Sharing their stories
Makeda Zook, left, and Sadie Epstein-Fine, editors of Spawning Generations. (photo from Demeter Press)
Sadie Epstein-Fine and Makeda Zook will be in Vancouver for the Jan. 17 launch of Spawning Generations: Rants and Reflections on Growing Up with LGBTQ+ Parents (Demeter Press, 2018), which they co-edited.
“It is really important to us that this book was written and edited by queerspawn. So often our stories are told for and on behalf of us by researchers, journalists and academics,” Epstein-Fine told the Independent. “Our intimate, personal family lives have been under the microscope for our entire lives, proving to the world that we turned out all right. By curating stories from our community, including our own stories, Makeda and I ensured that we were not, as we like to call it, airbrushing our stories, but that we were allowing our contributors to tell the nitty gritty, the details of their stories that they have never been able to tell.”
In the book’s introduction, Epstein-Fine and Zook explain that the term queerspawn to describe someone who has one or more LGBTQ+ parents was coined by Stefan Lynch, the first director of COLAGE, an American “network dedicated to connecting and supporting queerspawn,” which has one chapter in Canada (in Toronto).
“By giving a name to our identities and experiences, he laid the foundation for connecting and politicizing queerspawn; Lynch gave us a term to organize around,” they write, acknowledging that the term “is not without controversy. Although some people feel empowered by reclaiming both words (‘queer’ and ‘spawn’), others do not like the association with ‘spawn of the devil.’” Another term, “gayby,” also has its proponents and its critics, those who “find it infantilizing and only representative of people whose parents identify as gay,” note Epstein-Fine and Zook.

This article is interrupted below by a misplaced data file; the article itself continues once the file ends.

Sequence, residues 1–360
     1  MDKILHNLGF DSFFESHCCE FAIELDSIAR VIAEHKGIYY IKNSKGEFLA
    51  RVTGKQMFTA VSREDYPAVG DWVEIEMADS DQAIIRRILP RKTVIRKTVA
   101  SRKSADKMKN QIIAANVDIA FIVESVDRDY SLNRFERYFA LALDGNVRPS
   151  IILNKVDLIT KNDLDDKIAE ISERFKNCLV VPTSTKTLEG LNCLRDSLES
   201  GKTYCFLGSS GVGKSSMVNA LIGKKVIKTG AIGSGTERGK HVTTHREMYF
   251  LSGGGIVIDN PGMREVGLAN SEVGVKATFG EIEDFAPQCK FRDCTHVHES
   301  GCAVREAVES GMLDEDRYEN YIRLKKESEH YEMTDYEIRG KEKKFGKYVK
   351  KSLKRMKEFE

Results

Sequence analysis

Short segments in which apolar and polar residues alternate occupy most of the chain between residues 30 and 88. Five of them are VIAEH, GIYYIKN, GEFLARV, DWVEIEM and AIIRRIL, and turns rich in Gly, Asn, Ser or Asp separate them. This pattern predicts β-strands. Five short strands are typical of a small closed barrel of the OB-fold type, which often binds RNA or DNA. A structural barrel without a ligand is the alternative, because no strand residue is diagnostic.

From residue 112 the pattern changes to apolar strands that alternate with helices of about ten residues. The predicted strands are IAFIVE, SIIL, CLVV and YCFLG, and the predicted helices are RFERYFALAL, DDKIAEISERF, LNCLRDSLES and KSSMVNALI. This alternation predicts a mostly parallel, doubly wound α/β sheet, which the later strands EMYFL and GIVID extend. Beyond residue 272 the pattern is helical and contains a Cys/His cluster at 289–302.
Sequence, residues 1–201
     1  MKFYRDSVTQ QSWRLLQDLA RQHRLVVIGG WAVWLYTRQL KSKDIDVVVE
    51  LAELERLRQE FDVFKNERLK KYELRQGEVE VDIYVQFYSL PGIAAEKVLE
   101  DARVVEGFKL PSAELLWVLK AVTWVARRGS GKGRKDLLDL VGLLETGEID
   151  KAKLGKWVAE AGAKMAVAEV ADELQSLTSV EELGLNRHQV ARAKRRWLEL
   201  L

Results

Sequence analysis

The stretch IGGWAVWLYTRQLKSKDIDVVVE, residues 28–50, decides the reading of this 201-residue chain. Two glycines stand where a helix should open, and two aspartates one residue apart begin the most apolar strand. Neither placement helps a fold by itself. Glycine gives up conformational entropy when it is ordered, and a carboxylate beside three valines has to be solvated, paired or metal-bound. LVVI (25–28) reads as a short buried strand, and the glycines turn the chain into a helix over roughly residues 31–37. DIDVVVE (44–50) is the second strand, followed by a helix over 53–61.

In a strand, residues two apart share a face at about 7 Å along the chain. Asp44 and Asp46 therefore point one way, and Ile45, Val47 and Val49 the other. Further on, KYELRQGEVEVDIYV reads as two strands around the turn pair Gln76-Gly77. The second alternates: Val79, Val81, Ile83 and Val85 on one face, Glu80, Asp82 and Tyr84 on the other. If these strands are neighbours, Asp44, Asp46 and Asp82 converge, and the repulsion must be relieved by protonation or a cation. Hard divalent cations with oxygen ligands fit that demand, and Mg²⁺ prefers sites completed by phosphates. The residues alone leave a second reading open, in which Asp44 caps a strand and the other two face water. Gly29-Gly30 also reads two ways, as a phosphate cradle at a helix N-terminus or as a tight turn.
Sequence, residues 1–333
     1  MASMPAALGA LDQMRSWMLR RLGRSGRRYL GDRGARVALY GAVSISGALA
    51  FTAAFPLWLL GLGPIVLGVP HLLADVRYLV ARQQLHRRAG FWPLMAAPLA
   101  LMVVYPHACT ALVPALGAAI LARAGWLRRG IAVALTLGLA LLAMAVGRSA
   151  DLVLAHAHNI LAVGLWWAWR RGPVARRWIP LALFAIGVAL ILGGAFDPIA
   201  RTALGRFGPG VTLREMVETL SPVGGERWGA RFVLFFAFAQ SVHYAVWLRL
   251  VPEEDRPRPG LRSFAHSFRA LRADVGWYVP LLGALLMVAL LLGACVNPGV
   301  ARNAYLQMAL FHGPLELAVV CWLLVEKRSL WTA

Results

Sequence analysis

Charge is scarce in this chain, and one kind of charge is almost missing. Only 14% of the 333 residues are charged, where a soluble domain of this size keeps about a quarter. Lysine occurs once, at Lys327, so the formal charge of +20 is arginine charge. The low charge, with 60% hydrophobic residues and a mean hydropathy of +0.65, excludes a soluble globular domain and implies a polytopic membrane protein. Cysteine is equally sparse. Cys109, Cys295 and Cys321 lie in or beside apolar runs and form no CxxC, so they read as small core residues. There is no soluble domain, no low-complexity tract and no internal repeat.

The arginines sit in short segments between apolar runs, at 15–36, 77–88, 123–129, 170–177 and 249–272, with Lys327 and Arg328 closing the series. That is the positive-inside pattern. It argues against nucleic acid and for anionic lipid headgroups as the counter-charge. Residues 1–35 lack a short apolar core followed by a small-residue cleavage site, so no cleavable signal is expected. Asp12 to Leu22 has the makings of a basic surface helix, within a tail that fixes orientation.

Ultimately, the editors chose to use queerspawn for the anthology because it is “unapologetic and bold.” As well, it is “the word most often used in Canada and the United States and, as such, it helps us find each other; it is a common word we can rally around. We often feel highly visible in straight communities and invisible in queer ones. The term ‘queerspawn’ creates a space for us, and helps us to feel strength in numbers and a sense of belonging at times when we feel all too visible. When we feel invisible, naming ourselves as queerspawn tells the queer community that we are still here, even if we have grown up.”
Epstein-Fine was born in Toronto in 1992 to two moms, in an activist home, “surrounded by 11 other women.” She carries on her family’s activist tradition and describes herself as a queer(spawn)-political theatre maker.
According to her bio, Zook “was born in Vancouver in 1986 to her two lesbian feminist moms. She was raised in a mixed-race family surrounded by anti-oppression politics and her OWLs (older, wiser lesbians).” She works in sexual health promotion for a feminist nongovernmental organization.